In the latest edition of this monthly digest series you can learn how dopamine cells influence our perception of time, why researchers are growing brains on a chip, whether split-brain patients have a split consciousness, and much more.
Split brain does not lead to split consciousness
Split brain is a lay term to describe the result of a corpus callosotomy, a surgical procedure—where a bundle of nerve fibers connecting the left and right brain hemispheres (i.e., the corpus callosum) is severed—used to alleviate severe epilepsy among patients. This condition was made famous by the work of Nobel laureates Roger Sperry and Michael Gazzaniga. In their canonical work, Sperry and Gazzaniga discovered that split-brain patients can only respond to stimuli in the right visual field with their right hand and vice versa. This was taken as evidence that severing the corpus callosum causes each hemisphere to gain its own consciousness.
Now, a new study led by University of Amsterdam psychologist Yair Pinto challenges the established view that so-called split-brain patients have a split consciousness. In their study, patients were placed in front of a screen, shown various objects displayed in several locations, and then asked to confirm whether an object appeared and to indicate its location. To the researchers’ surprise, the patients were able to respond to stimuli throughout the entire visual field with all the response types: left hand, right hand and verbally. "The patients could accurately indicate whether an object was present in the left visual field and pinpoint its location, even when they responded with the right hand or verbally," said Pinto. This was despite the fact that their cerebral hemispheres could hardly communicate with each other.
A depiction of the traditional view of the split brain syndrome (top) versus what the researchers actually found in two split-brain patients across a wide variety of tasks (bottom).
According to Pinto, the results present clear evidence for unity of consciousness in split-brain patients. "The established view of split-brain patients implies that physical connections transmitting massive amounts of information are indispensable for unified consciousness—that is, one conscious agent in one brain. Our findings, however, reveal that although the two hemispheres are completely insulated from each other, the brain as a whole is still able to produce only one conscious agent. This directly contradicts current orthodoxy and highlights the complexity of unified consciousness."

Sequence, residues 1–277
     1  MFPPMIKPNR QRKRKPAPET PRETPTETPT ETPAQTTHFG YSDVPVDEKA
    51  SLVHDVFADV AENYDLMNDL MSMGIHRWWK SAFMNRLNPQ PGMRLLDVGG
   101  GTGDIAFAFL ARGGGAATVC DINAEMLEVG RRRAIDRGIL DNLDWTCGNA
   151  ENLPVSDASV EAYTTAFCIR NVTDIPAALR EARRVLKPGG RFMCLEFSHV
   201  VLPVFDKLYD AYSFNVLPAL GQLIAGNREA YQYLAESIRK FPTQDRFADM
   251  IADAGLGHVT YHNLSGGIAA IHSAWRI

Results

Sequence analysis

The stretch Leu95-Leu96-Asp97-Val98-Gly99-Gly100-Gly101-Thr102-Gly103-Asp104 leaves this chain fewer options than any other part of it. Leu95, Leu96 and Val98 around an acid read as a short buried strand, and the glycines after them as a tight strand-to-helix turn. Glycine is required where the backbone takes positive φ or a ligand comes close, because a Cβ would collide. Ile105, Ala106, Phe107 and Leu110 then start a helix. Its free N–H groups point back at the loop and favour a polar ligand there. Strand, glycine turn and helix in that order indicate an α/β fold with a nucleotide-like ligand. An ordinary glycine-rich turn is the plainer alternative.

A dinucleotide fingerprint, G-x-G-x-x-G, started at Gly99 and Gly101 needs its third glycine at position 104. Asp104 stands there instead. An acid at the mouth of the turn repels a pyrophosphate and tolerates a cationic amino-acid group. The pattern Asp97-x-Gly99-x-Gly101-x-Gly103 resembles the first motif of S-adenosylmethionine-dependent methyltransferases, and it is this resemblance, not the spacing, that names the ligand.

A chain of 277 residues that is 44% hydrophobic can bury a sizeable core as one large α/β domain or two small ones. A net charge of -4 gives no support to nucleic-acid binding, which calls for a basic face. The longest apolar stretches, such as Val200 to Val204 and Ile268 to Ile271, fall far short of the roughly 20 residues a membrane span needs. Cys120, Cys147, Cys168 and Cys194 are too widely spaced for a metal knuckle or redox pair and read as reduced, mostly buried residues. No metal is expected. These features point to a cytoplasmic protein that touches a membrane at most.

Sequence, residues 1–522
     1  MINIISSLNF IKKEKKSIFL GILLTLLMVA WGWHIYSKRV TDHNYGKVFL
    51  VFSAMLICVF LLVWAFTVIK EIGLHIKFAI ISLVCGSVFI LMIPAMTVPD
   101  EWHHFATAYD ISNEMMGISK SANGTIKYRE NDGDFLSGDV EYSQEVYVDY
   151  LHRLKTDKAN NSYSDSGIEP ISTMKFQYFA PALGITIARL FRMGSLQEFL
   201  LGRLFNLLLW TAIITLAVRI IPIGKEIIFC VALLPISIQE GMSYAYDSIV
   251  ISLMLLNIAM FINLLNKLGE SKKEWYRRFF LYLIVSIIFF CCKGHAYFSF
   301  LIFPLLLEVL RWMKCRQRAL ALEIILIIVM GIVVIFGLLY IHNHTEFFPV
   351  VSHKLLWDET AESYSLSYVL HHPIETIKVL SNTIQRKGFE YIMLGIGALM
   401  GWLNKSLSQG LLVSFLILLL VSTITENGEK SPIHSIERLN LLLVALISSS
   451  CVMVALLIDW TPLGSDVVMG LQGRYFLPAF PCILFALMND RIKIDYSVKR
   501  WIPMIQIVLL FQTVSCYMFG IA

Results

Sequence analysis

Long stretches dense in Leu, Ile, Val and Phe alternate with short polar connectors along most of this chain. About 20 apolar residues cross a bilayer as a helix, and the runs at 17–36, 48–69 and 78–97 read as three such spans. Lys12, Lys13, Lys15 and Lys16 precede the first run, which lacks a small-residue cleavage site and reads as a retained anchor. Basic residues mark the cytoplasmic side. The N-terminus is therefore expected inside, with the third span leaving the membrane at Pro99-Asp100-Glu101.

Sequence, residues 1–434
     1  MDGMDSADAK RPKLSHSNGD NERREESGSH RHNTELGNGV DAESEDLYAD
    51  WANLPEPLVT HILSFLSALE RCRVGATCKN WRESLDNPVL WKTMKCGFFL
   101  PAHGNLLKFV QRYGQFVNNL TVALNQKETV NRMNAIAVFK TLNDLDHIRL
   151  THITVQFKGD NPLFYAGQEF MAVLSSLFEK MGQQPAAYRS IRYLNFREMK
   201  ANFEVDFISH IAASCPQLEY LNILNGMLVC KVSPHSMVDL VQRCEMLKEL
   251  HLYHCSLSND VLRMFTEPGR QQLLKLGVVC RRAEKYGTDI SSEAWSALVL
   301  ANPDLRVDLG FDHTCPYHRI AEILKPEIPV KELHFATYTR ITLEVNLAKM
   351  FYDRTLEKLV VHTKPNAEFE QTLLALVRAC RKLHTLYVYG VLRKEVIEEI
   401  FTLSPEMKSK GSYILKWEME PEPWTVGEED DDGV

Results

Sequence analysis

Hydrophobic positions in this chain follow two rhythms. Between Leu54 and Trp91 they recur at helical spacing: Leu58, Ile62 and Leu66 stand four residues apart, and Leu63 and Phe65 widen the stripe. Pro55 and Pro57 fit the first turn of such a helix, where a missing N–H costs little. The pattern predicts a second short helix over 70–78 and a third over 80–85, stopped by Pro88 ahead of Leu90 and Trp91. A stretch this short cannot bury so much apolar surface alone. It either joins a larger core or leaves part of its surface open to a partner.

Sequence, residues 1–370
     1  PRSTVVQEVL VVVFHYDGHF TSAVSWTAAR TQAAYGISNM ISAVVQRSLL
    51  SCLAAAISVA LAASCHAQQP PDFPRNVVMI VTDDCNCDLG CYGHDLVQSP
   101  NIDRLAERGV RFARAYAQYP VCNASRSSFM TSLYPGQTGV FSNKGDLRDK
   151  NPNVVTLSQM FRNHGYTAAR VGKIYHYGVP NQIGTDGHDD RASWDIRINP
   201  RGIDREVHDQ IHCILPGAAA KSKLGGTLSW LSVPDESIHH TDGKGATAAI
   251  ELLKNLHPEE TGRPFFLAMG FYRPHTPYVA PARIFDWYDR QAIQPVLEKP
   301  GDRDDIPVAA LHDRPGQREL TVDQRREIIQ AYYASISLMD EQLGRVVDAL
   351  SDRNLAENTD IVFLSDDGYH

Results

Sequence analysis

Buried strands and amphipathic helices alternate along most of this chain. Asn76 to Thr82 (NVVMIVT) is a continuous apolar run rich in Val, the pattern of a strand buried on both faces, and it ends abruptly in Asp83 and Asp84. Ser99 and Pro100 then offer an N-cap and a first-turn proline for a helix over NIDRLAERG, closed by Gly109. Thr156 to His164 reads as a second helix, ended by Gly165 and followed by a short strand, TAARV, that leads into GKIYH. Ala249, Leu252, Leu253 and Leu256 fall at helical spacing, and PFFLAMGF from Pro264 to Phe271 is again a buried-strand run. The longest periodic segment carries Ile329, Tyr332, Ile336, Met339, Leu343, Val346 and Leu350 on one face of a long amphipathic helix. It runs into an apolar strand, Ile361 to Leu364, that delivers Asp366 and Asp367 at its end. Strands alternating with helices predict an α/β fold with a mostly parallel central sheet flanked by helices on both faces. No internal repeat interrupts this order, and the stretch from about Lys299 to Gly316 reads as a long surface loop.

Dopamine cells influence our perception of time
Dopamine neurons in a brain region known as the substantia nigra pars compacta can alter the perception of time, according to new research published in Science. Stimulating or inhibiting these cells makes mice behave as if time is moving faster or slower, the researchers found. More specifically, boosting dopamine activity slows down the animals’ internal clock, leading them to underestimate time intervals.
Photo credit: Nicolas Tritsch
The study—the first to look so precisely at dopamine activity during timing judgments—provides a potential molecular mechanism for the perception that time flies when you're having fun, and that it slows to a trickle when you're bored. In their experiments, Joseph Paton (Champalimaud Centre for the Unknown, Portugal) and colleagues used fiber photometry to measure activity in dopamine neurons of the substantia nigra pars compacta as mice listened to two tones and then indicated whether the delay between them was shorter or longer than 1.5 seconds. Paton’s team found that dopamine activity varied but was correlated with the animal’s perception of time. When dopamine activity was high, the animal was more likely to judge an interval as short, and vice versa. The pattern was particularly strong for difficult trials, in which the interval between tones was close to 1.5 seconds. In a second set of experiments, the researchers used optogenetics to activate or silence the dopamine neurons. Consistent with the photometry measurements, altering neuronal activity made the animals under- or overestimate the duration of intervals.
One of dopamine’s primary roles in the brain is as a reinforcement signal when an animal gets an unexpected reward. This encourages the animal to seek out that situation again in the future. Time plays an important role in that process—a reward that comes earlier than expected triggers the dopamine signal. And time is a key component of the equations that describe reward error prediction.
The findings might also have implications for dopamine-linked disorders, such as attention deficit hyperactivity disorder (ADHD), which is linked to too little dopamine and is treated with dopamine drugs. People with the disorder also tend to be impulsive. “One dimension of impulsivity is the tendency or inability to promote delayed gratification,” Paton says. “If your dopamine levels are different and you sense time more slowly, it might be harder to wait for delayed gratification.”
The researchers next plan to look at other brain regions that produce dopamine, including the ventral tegmental area, which has been implicated in reward, reinforcement and addiction.
Multi-regional brain on a chip
Harvard University researchers have developed a multi-regional brain on a chip that models the connectivity between three distinct regions of the brain: the amygdala, prefrontal cortex, and hippocampus. The in vitro model was used to extensively characterize the differences between neurons from different regions of the brain and to mimic the system’s connectivity.
Image of the in vitro model showing three distinct regions of the brain connected by axons. NeuroscienceNews.com image is for credited to Disease Biophysics Group/Harvard University.